Must say thou if your going to the trouble/expense of building a machine then it's a absolute no brainer to let the machine cut the plywood rather than draw it.? . . . Belt drive will easily be upto the job of cutting ply wood if a decent design and job is made of the build.
Hey thanks for all the good feedback, my shoe string is around £500 quid at the moment ,
The reason for pen plotting is because the type of shapes i am interested in cutting are to be faired on the job (clinker boat planks).
Being able to draw on an 8x4 accurately has great DIY potential for allot of budding designers, you also have the option of plotting on paper laid onto the sheet, this then allows accurate patterns for cutting out all kinds of materials, im an upholsterer by trade and have sewn up anything from car headlinings to tents, boat hoods bla bla , i work in the furniture industry where allot of money is thrown at big cnc kit often burdened by service contracts and sytem updates, cat and mouse situations with sofware compatibly, Journeymen asking why they cannot just pick a hand tool up and crack on happens too. extraction of cad patterns and lines into the real world is more the issue for me, i can see low a cost cnc plotter going into all kinds of projects and small business solutions allowing the craftsman not be be burdened with the chance of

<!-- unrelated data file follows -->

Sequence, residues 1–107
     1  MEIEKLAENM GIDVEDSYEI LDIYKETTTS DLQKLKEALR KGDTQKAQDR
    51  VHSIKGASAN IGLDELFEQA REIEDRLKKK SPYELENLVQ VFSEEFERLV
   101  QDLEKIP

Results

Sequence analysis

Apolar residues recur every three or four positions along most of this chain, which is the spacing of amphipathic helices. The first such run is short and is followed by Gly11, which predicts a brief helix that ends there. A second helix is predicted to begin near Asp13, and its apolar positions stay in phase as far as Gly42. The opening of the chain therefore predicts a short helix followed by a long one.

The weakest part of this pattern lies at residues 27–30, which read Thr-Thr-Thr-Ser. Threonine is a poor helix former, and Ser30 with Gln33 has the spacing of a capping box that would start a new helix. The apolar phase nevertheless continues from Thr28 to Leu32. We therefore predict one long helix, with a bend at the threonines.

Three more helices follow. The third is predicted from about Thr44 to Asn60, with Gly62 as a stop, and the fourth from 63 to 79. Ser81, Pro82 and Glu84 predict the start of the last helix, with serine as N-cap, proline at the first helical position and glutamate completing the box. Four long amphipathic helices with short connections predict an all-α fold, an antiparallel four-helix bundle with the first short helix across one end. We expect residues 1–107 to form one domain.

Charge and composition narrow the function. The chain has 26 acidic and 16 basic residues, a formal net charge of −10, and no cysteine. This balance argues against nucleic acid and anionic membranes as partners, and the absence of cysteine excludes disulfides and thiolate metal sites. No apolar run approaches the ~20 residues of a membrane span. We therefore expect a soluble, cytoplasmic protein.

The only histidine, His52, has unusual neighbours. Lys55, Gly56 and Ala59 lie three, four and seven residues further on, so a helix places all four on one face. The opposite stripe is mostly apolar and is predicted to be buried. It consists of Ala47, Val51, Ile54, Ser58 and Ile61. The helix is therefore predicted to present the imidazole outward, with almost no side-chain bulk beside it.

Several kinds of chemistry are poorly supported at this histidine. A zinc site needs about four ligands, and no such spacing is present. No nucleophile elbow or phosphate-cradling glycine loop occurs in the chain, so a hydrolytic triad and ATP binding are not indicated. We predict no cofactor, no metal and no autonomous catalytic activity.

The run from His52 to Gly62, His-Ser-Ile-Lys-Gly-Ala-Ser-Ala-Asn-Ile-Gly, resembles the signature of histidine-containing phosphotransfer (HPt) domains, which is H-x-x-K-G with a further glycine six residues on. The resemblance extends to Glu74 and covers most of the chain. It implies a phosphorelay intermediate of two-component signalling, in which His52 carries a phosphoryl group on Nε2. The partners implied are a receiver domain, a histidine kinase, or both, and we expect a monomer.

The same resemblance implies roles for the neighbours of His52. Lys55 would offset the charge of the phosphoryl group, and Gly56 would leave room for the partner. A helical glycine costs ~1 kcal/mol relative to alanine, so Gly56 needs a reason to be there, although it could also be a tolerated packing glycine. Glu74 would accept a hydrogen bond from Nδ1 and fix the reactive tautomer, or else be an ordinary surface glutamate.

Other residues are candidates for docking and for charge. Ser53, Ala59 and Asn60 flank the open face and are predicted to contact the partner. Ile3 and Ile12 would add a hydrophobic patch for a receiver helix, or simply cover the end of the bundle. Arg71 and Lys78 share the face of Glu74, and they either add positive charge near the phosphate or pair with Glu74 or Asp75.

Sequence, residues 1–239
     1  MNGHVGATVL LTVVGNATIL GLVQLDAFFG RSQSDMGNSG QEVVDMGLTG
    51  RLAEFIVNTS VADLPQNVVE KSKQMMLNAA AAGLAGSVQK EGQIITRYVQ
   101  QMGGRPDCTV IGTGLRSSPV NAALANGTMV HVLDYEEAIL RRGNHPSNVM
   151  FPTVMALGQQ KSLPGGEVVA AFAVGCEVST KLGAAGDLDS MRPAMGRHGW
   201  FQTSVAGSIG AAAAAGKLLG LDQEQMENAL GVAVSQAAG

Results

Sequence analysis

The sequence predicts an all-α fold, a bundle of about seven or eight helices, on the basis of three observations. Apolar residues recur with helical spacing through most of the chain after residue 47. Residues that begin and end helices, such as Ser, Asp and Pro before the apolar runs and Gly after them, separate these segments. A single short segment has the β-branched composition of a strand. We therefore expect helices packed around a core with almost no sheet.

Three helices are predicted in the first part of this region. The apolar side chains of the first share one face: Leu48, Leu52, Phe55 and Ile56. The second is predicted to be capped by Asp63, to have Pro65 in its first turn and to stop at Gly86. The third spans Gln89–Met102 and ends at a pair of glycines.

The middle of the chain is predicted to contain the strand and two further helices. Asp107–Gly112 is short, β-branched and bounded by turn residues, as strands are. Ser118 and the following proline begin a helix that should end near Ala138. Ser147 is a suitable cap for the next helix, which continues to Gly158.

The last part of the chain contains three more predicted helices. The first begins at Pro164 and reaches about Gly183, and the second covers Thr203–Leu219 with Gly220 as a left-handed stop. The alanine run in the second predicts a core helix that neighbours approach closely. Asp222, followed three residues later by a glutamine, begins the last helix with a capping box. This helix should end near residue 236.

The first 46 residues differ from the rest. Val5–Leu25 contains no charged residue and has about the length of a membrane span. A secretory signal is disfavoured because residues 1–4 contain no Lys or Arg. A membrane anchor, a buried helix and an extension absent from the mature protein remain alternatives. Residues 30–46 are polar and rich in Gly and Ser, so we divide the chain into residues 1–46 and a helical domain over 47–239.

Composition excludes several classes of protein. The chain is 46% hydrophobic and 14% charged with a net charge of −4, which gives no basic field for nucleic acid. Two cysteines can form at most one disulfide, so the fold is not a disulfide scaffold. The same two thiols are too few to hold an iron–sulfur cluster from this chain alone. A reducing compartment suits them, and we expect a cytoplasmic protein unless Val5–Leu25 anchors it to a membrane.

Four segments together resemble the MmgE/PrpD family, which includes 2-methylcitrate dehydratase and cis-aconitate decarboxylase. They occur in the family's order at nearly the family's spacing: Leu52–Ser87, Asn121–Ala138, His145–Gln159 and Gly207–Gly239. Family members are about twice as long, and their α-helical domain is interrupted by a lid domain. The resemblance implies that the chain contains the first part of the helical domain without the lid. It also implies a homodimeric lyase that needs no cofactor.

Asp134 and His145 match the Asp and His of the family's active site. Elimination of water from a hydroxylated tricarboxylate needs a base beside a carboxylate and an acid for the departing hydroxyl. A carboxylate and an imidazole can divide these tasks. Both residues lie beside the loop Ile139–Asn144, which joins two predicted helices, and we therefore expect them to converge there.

Funny enough i have too considered image projection but came to the same conclusion about scaling and accuracy.
I have one last idea id like to put forward that may keep the cost down if only i knew how to achieve it , how about a small robot plotter that runs over the surface on a sheet , although you would have to lay you sheet down it would perhaps be compact and portable! so the sheet could be anywhere temporarily , onsite cnc plotting for builders shop fitters now there's an idea!
Printing out detailed lines onto floors..
Could i convert an old scanner to move and draw lines perhaps.
Thanks guys for all the advise, its good to purge the mind of mad ideas!
Hmm, a cheap low power laser to burn the outline into the wood would be a snazzy way to do it! Might be easier than finding a pen that'll work consistently?
Given these parts seem to be for a 17' boat/canoe (?) I doubt there's going to be many tight radii or engraving! But still there's no point theorising unless we actually know, and it's clearly better to do it as well as you can afford to start with.